SEATAC — On a recent rainy Sunday, Noemie Maxwell sat on her haunches amid the English ivy that blanketed the forest floor in North SeaTac Park, cutting the vines at the base of a madrone tree. She sought to prevent the vines from crawling up the trunk, depriving the coastal evergreen of air and sunlight.

Draped in ivy, a nearby tree looked like it was wearing a heavy winter coat.

“It’s like watching a cathedral collapse,” Maxwell said, the sound of airplanes drowning out her voice. “People flying overhead have no idea the forest is dying.”

Restoration of the 165-acre park, about 5 miles north of Seattle-Tacoma International Airport, has captured the attention of a group of volunteers. On the last Sunday of every month, they gather to remove invasive plants, especially ivy and blackberry vines, and plant other native species on the forest floor.  

The restoration project — funded by the Port of Seattle and organized by land conservation nonprofit Forterra — is part of a larger, million-dollar effort to protect the urban-forest canopy.

Urban forests are especially important in airport communities, said Maxwell, of Burien, citing a recent University of Washington Study that found aircraft pollution affected the air quality of communities under flight paths. SeaTac ranked 14 for 24-hour particle pollution out of 216 municipal areas across the United States, according to an American Lung Association State of the Air report. Recent studies have shown trees help remove ultra fine particle pollutants, while decreasing stress and depression and improve water quality.

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Started in 2016 by the Port of Seattle — a municipal corporation that manages Sea-Tac and other facilities — the Airport Community Ecology Fund provides $1 million in funding to programs and projects that improve the environment in SeaTac, Burien and Des Moines. Nearly half of the funding, $450,000, went to Forterra to establish a four-year conservation program in partnership with the three cities beginning in 2018, while $550,000 funded a matching-grants program for environmental projects by South King County organizations.

The funding helped Forterra expand its Green City Partnerships program, which began in Seattle in 2005 and has since spread to 13 other Western Washington cities — Tacoma, Snoqualmie, Kent, Redmond, Kirkland, Everett, Puyallup, Tukwila, Issaquah, Shoreline, SeaTac, Des Moines and Burien — as well as Snohomish County. The program relies on volunteers, government agencies, nonprofits and businesses to protect urban forests and green spaces.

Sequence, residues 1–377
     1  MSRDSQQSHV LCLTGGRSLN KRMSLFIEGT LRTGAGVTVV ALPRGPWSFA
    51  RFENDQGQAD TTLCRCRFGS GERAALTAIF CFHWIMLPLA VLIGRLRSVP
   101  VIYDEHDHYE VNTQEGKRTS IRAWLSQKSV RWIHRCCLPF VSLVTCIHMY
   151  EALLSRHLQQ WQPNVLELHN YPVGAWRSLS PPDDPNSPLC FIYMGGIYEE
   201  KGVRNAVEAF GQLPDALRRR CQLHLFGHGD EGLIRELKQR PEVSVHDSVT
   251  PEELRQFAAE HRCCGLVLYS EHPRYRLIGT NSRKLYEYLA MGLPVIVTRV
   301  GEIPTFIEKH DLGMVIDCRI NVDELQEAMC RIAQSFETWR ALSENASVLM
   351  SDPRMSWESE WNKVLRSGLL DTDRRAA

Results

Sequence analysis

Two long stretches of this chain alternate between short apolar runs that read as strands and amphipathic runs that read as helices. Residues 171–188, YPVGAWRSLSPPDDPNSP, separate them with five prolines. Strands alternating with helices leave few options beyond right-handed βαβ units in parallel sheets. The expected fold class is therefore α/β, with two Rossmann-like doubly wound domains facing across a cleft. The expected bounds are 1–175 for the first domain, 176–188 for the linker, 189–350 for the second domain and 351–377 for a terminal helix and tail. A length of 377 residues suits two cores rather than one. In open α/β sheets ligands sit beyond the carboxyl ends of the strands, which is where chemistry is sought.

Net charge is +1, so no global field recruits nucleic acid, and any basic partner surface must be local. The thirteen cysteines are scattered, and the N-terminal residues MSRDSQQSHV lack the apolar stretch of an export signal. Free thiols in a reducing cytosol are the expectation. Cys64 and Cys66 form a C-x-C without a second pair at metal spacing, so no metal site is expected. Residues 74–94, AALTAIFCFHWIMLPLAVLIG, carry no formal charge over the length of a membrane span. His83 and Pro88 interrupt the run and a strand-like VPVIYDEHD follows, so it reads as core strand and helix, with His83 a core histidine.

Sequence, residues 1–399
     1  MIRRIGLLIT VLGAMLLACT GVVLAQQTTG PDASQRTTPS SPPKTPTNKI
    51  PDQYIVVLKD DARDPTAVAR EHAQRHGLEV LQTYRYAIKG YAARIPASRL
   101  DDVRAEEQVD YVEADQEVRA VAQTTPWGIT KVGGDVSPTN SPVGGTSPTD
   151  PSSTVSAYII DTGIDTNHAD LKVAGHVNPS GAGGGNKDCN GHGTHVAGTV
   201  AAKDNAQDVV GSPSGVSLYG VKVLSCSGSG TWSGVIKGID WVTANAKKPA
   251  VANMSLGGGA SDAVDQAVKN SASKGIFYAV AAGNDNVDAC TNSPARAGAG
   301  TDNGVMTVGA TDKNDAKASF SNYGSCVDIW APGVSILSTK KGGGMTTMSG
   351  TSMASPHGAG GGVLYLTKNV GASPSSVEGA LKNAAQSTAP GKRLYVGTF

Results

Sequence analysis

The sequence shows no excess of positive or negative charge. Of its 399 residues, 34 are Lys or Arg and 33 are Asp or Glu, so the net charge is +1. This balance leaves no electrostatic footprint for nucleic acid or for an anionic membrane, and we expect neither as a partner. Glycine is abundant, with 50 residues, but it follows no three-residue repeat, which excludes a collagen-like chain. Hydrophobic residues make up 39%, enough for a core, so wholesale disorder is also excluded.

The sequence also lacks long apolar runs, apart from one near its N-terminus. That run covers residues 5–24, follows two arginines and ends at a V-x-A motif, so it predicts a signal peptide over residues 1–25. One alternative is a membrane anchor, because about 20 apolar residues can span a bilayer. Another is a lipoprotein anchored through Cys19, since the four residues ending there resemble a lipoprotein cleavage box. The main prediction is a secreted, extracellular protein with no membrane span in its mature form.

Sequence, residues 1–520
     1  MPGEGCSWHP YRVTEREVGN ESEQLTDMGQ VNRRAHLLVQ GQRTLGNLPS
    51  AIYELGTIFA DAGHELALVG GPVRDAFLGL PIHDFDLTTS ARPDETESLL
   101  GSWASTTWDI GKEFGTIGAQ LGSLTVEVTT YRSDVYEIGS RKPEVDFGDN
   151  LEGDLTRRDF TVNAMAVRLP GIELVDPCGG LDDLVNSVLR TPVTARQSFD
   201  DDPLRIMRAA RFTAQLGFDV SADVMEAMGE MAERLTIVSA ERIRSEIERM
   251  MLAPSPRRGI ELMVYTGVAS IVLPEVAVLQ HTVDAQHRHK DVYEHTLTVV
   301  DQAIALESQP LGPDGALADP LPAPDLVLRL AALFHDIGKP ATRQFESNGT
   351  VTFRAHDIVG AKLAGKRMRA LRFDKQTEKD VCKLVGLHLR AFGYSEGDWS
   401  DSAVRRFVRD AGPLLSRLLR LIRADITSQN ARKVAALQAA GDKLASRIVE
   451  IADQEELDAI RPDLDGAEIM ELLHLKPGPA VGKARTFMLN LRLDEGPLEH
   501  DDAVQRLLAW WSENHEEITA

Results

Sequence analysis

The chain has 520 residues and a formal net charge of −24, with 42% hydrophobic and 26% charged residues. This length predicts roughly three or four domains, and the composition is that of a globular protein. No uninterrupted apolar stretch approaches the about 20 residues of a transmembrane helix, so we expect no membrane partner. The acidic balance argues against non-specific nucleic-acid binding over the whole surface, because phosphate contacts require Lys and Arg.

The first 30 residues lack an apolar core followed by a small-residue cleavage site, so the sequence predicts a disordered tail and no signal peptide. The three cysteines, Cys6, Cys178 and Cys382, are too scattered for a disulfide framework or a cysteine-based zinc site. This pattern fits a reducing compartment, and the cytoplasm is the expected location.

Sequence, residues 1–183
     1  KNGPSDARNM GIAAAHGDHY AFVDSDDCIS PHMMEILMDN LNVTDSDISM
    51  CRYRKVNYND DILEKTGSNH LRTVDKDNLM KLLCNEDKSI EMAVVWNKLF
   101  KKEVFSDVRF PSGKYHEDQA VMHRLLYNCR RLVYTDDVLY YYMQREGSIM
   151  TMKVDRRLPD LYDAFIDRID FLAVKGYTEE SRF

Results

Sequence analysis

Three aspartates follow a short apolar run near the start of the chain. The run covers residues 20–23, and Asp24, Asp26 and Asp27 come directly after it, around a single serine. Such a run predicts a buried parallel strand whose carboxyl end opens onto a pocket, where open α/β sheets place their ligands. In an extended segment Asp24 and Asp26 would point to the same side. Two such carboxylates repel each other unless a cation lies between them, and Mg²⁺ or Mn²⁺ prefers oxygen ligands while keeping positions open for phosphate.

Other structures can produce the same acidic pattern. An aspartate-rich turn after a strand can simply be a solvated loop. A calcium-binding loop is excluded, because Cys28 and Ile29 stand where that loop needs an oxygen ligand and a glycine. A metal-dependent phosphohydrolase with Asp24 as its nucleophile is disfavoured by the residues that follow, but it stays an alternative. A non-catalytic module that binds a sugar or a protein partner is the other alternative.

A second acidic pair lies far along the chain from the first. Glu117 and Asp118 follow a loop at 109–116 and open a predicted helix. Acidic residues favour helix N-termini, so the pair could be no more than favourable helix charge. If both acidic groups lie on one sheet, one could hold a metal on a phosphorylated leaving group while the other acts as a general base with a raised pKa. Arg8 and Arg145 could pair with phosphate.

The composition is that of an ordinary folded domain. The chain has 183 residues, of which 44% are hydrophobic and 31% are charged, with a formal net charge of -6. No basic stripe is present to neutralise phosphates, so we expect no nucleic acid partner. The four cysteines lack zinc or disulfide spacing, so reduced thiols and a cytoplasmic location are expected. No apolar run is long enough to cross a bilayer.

Forterra started Green City Partnership to ensure access to green spaces in a region that was projected to experience rapid growth. At the time, Seattle had produced a survey that showed invasive plants were threatening to decimate the urban-forest canopy, said Joanna Nelson de Flores, Forterra’s restoration and stewardship managing director.

“It was also an indication of what was happening across the Puget Sound area when it comes to invasive plants,” Nelson de Flores said. 

Forterra partnered with the city of Seattle to create a citywide plan to track the health of urban forests and to collaborate on restoration. The nonprofit began replicating that model in other cities throughout the region, and it now covers about 13 million acres in the Puget Sound area. 

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In 2019, Forterra created a 20-year plan in partnership with the city of SeaTac to enhance and maintain the urban-forest canopy. The plans in Burien, SeaTac and Des Moines include restoration in parks, such as in North SeaTac Park, educational tree walks and the distribution of yard trees to homeowners.   

The 2019 report on SeaTac urban forests estimated that restoration in the city over the next 20 years would cost $6 million. At the heart of the program and providing millions of dollars in savings, volunteer stewards would be responsible for leading other volunteers in removing invasive species and planting trees.